A Reluctant Standard-Bearer for Chicago-School Antitrust

6 Pages Posted: 8 Jul 2016 Last revised: 23 Aug 2016

See all articles by Max Huffman

Max Huffman

Indiana University Robert H. McKinney School of Law

Date Written: July 1, 2016

Abstract

Justice Scalia was part of the intellectual ferment that gave rise to the deregulatory mindset in the 1970s and 1980s. He was involved in the intellectual conversations around ideas including textualist interpretive philosophy (statutes), originalist interpretation (constitutions), and free-market economic thought. Justice Scalia adopted the originalist philosophy from Judge Bork and advanced it from the pulpit of the Supreme Court. For the most part, he did not take the same leadership role in advancing the Chicago School tradition in antitrust. It would be impossible, however, in light of his long tenure on the Court and his engagement with the core intellectual philosophies that underlie much of modern antitrust, for him not to have had an impact on the body of law. And in Kodak (dissenting), Empagran (concurring), and Trinko (for the majority), he did.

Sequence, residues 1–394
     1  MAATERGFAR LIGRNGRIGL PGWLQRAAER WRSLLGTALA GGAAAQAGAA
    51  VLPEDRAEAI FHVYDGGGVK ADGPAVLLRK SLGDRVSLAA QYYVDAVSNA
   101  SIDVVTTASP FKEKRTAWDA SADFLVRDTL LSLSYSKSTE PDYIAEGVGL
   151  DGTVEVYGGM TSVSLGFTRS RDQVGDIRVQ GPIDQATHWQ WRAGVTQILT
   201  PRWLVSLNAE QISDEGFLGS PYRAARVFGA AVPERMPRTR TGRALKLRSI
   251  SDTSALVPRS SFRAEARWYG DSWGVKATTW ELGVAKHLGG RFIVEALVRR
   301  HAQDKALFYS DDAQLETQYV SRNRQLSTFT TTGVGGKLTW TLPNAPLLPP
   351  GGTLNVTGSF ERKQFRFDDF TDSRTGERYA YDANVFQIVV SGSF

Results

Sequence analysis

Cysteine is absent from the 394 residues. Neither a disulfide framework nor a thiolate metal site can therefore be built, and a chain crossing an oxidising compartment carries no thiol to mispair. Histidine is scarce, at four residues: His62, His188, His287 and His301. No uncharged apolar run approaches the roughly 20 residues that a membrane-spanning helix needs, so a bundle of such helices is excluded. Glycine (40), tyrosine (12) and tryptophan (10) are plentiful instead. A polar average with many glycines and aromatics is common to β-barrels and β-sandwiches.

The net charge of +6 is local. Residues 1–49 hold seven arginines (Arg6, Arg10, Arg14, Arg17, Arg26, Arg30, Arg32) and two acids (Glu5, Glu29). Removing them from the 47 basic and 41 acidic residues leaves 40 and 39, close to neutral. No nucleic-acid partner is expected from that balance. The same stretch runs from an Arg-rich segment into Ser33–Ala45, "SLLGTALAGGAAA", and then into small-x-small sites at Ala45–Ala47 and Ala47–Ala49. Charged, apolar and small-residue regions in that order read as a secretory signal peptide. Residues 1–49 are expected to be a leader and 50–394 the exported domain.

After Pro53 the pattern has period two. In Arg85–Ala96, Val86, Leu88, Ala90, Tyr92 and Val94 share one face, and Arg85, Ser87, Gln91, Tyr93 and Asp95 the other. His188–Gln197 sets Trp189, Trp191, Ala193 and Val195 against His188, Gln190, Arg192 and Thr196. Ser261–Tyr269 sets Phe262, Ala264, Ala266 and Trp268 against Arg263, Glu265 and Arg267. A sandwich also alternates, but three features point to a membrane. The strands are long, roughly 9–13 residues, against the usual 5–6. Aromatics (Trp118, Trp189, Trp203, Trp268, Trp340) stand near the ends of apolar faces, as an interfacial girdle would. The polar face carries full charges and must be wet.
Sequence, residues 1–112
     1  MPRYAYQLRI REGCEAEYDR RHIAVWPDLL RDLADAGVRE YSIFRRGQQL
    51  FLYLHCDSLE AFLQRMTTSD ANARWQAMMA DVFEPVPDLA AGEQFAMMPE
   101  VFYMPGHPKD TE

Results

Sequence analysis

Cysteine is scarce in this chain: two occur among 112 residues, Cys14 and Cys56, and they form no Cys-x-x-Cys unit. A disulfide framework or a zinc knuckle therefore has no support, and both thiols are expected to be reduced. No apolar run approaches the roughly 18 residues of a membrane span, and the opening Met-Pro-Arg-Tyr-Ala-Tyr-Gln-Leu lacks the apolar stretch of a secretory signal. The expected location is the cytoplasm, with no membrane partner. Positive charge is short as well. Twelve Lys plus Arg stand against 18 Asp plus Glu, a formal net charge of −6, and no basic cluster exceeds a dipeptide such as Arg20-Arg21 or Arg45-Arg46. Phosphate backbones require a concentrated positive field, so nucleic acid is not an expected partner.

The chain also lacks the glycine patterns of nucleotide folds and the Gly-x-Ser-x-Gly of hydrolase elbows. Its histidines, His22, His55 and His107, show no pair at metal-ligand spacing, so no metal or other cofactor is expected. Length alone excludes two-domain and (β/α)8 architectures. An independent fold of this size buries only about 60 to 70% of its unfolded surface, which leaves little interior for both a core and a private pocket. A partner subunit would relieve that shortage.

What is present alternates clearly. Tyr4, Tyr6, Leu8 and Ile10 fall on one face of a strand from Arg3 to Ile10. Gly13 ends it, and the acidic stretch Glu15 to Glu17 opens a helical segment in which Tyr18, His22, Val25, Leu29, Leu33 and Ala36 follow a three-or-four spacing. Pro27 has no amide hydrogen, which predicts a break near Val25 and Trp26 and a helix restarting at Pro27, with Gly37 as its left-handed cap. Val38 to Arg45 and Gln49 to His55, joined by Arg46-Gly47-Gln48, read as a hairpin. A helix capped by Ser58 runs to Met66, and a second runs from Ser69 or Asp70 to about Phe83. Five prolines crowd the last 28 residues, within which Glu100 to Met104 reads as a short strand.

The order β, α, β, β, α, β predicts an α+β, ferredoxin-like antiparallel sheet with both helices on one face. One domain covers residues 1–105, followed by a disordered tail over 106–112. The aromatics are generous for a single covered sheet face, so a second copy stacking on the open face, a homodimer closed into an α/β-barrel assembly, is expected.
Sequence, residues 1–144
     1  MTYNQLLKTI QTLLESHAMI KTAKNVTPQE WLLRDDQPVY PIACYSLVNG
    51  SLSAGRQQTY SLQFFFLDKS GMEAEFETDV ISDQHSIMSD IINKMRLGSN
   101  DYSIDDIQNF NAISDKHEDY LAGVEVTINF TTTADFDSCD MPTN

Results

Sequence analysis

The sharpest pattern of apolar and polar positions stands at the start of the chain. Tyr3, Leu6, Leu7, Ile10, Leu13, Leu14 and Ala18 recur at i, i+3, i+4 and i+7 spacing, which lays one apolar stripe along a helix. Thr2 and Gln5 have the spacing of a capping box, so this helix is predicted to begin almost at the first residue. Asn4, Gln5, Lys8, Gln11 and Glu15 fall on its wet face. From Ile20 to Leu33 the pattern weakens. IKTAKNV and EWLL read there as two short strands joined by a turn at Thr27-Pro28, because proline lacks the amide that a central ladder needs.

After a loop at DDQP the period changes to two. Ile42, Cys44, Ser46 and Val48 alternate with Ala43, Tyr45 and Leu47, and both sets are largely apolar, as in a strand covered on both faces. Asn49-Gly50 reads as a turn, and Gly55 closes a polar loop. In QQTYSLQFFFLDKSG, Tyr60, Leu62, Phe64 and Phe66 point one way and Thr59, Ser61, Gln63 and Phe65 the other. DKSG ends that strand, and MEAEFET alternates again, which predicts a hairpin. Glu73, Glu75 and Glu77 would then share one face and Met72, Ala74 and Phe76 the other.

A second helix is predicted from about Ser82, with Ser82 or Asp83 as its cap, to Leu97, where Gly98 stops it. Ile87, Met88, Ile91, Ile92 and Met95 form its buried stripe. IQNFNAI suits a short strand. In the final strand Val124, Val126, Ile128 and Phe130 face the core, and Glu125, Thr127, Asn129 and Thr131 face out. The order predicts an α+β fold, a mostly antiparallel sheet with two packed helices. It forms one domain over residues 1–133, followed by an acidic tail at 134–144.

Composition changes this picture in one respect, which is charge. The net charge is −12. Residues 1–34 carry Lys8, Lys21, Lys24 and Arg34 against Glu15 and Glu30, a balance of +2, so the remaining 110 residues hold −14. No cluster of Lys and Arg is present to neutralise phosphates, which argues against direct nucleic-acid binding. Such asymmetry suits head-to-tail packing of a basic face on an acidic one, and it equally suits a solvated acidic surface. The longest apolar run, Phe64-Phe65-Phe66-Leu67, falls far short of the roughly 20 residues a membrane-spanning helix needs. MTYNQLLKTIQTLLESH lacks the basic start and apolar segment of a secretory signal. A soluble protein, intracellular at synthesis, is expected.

Keywords: antitrust, justice scalia, chicago school, supreme court

Suggested Citation

Huffman, Max, A Reluctant Standard-Bearer for Chicago-School Antitrust (July 1, 2016). CPI Antitrust Chron., Summer 2016; Indiana University Robert H. McKinney School of Law Research Paper No. 2016-28. Available at SSRN: https://ssrn.com/abstract=2806729

Max Huffman (Contact Author)

Indiana University Robert H. McKinney School of Law ( email )

530 West New York Street
Indianapolis, IN 46202
United States

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